Democrats Take Back the House, Republicans Add to their Majority in the Senate, What Does it All Mean?

President Trump’s legislative agenda took a major hit on Nov. 6 as the Democrats are poised to be the majority in the House of Representatives for the first time since 2010. Democrats were able to flip more than two-dozen house seats to secure the majority. On Wednesday afternoon, the likely Majority Leader Nancy Pelosi offered an “olive-branch” of sorts stating, “We believe that we have a responsibility to seek common ground where we can. Openness and transparency, accountability [and] bipartisanship [are] a very important part of how we will go forward.” (NPR). Although Democrats may seek some compromises, these words will likely prove to be futile. Ever since the election of Donald Trump, Democrats have been itching for the opportunity to not only block his legislative agenda, but to have the subpoena power to hold the President and his cabinet members accountable. After this midterm victory, Democrats dreams will soon come true once the gavel is handed to Congresswoman Pelosi.

Illustration by Lo Wall

Many feel that Republican held committees failed to properly defend the integrity of our democracy, and thus, Democrats will soon be sending subpoena after subpoena to the White House. Specifically, Democrats are likely to look into the numerous scandals that have occurred in the Trump administration, including at the EPA and at other departments. Expect Democrats to push for President Trump’s tax returns in what may end up being a legal battle between the administration and House Democrats. President Trump has repeatedly stated that he has no interest in releasing his tax returns, however, many legal experts believe that he may not have a choice. “A 1924 law allows the chairman of the House Ways and Means Committee to examine anyone’s tax returns in private, without their permission, and the likely incoming chairman, Massachusetts Democrat Richard Neal, has said he’d go after Trump’s IRS filings” (Politico). Additionally, Democrats will use their new majority power to protect the Muller Investigation and to open their own investigations into whether President Trump obstructed justice by firing former FBI Director James Comey. 

Although the Republicans lost the House, they made significant gains in the Senate. They flipped seats in Missouri, North Dakota, and Indiana; states which Trump carried by large margins in 2016. Votes are still being counted in an incredibly close race in Arizona between Republican Martha McSally and Democrat Kyrstin Sinema. Governor Rick Scott claimed victory in the senate race in Florida, however, his opponent Democrat Bill Nelson, is calling for a recount. The odds do not favor Senator Nelson as it seems that Governor Scott has enough votes to overcome the recount. Democrats were able to flip one Senate seat with Representative Jacky Rosen’s victory in Nevada. With firm control over the Senate, Republicans will be able to confirm more conservative judges to the nations courts. Expect to see Senator McConnell attempt to confirm as many judges as possible through 2020.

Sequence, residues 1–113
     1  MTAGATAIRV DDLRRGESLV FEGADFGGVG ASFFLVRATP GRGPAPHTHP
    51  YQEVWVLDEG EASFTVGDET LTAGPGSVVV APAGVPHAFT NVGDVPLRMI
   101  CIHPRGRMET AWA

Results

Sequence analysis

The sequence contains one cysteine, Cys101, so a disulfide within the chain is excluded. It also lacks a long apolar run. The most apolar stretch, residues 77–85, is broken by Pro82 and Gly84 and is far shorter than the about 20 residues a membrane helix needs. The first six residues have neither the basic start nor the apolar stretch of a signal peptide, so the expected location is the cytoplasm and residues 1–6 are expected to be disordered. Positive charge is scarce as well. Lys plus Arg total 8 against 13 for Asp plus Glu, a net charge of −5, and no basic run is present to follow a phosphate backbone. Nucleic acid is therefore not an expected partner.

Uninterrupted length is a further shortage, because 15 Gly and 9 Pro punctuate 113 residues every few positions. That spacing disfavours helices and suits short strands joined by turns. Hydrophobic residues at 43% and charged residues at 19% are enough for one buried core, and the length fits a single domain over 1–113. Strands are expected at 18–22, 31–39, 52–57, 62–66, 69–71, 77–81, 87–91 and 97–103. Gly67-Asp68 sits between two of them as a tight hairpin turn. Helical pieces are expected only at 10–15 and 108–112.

We are headed toward something that is all too familiar in Washington D.C. today, partisan gridlock. With Democrats in control of the House and Republicans in control of the Senate, expect to see an even more dysfunctional Washington D.C.  There are however two key issues where there is a possibility for compromise. Democrats now have leverage to try to find a permanent solution for the recipients of the Deferred Action for Childhood Arrivals program. If Trump wants any of his spending priorities to pass, he may have to find a bipartisan solution on DACA.  Infrastructure is also issue where there could be a possibility for bipartisanship. President Trump as well as both Democrats and Republicans in Congress want to see our nation’s roads and tunnels fixed. Perhaps this is one issue where Democrats and Republicans can work together. Although it is possible that we could see a semi-functional American government, in the age of deep partisanship, however, it is likely that neither party has any true interest in governance.

Elias Asher

Elias Asher

Writer
Elias Asher joined the Catalyst in August of 2018 and writes for the News Section. He is part of the class of 21'. He is a Political Science major born and raised in Montclair, New Jersey, but now resides in Austin, Texas. His grandparents and father were born in the Boston area which contributes to his devoted love of the Boston Red Sox and New England Patriots. He enjoys watching the Red Sox and Patriots with friends and family back home, and with Boston haters at CC. One of his favorite pastimes is walking and spending time with his dog Fenway. Can you tell he loves Boston?
Elias Asher

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